Even today, the focus on security still relies on improvising the existing mechanisms of traditional IT security for the mission-critical Cyber Physical Systems. Although these solutions work to an extent in providing security, we still need to underline the difference between a traditional Information Systems and a Cyber Physical Systems which will help outlining the security needs that are separately needed in order to ensure that the systems also handle security issues emerging from the attacks or faults in the cyber world. Traditional IT security focuses on central servers while the need for CPS security needs to emphasize on edge clients.

The major issue with CPS is to accommodate the software upgrades or patches. An example of this is the complete system shutdown of a nuclear power plant in Georgia in the year of 2008 [7]. The shutdown was a result of a software patch deployed to a system which was meant for monitoring. The patches reboot the system and reset the data which the system interpreted as a drop in water level of the reservoir meant to cool radioactive nuclear rods and shut down the system [7].

Real-time system properties of CPS pose another challenge [8]. It’s not that real-time requirement is the only prerogative of the Cyber Physical Systems, rather it is a requirement of traditional IT systems as well. However; in CPS, the real-time requirement takes the topmost priority as failing to meet a deadline can prove to be completely hazardous, utmost failure of the system. In CPS, the response time to meet any deadline is absolutely necessary and cannot be compromised at any instant.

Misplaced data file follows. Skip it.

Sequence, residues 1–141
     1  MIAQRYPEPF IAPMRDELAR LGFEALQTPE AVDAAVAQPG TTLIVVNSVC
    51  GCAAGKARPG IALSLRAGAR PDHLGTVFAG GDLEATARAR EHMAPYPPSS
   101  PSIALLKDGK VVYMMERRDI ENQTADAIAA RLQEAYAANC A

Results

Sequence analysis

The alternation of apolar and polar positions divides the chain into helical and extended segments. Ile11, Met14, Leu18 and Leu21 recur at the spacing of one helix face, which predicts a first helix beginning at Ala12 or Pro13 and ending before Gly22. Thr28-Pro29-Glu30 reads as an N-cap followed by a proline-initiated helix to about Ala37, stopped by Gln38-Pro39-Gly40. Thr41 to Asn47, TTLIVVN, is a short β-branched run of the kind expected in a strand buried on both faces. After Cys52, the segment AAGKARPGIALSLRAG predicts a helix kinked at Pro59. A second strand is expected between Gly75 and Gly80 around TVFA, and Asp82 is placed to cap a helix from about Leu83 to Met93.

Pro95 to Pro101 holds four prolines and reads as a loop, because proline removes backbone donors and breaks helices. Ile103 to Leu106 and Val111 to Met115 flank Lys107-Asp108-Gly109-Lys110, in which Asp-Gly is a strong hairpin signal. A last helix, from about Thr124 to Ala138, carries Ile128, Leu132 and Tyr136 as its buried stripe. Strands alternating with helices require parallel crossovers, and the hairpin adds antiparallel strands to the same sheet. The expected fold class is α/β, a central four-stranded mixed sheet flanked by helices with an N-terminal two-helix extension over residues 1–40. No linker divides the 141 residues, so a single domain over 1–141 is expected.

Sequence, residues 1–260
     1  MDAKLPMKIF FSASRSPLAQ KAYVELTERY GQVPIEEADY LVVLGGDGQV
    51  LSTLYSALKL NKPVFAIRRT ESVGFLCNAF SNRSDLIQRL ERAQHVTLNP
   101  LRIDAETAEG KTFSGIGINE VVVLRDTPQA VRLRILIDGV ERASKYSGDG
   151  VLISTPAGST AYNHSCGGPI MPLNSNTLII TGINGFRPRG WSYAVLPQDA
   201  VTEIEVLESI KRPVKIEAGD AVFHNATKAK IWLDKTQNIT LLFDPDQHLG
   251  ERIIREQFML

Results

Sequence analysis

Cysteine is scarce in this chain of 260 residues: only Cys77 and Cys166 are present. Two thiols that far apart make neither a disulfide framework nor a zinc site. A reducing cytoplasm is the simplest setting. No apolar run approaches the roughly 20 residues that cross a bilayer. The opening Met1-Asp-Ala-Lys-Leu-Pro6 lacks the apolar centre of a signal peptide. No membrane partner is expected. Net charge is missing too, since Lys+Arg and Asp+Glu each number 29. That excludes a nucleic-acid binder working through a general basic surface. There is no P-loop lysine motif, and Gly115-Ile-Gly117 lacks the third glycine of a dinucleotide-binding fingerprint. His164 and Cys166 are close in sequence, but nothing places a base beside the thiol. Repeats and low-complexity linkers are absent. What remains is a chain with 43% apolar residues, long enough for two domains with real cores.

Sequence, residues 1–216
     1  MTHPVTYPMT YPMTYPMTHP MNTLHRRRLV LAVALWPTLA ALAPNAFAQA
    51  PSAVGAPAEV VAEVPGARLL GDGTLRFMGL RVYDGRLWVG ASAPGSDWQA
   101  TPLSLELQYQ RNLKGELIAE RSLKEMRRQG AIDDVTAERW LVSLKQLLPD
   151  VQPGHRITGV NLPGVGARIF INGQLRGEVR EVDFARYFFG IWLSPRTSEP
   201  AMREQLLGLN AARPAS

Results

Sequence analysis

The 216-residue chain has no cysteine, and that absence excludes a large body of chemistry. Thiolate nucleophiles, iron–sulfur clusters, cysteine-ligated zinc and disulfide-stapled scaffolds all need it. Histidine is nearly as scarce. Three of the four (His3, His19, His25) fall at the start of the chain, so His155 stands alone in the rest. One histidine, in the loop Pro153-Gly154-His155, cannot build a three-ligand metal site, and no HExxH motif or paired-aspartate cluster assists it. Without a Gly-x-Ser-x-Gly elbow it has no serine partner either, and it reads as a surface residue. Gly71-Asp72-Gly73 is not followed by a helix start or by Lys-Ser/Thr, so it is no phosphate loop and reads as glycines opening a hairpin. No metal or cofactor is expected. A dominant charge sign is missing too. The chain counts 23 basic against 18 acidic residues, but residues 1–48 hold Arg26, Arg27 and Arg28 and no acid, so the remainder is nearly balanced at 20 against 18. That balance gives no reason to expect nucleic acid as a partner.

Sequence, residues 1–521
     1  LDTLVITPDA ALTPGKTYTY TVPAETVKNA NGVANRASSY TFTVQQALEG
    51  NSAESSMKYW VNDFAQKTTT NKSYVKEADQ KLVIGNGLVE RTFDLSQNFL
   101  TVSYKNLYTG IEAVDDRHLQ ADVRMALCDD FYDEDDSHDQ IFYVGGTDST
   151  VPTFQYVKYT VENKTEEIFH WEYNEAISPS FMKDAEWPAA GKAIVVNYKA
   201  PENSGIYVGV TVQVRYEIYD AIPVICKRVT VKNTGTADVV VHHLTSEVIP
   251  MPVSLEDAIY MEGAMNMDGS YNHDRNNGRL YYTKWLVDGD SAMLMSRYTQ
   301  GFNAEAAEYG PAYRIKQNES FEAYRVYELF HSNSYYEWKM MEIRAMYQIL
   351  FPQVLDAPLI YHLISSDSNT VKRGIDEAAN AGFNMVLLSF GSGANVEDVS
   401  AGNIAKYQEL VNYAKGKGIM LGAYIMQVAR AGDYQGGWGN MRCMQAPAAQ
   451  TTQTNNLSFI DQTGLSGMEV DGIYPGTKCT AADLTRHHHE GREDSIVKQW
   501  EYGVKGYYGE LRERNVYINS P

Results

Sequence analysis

Damage to the physical environment, faults in sensors and actuators, response time pose significant challenges that separates a CPS from traditional IT systems.

General Workflow of CPS

There are basically four steps in the workflow for CPS [9].

Monitoring: Monitoring the processes and environment is a primary function of the CPS. It is used to monitor the past activities and predict the future activities of the CPS.

Networking: Networking means collection of data through various means. Multiple sensors can be used to collect data to be aggregated to be analyzed further to provide computing capabilities to the CPS.

Computing: This step deals with the analysis as well as the verification of data which are collected during the Networking phases to see if it satisfies the pre-defined criteria. If the criteria have not been met, then appropriate action has to be taken.

Actuating: This is the final step in the workflow of CPS. This step is meant for actuating real actions formulated during the Computing phase. Actions are determined in terms of whether the criteria have been met.

Security goals and requirements of CPS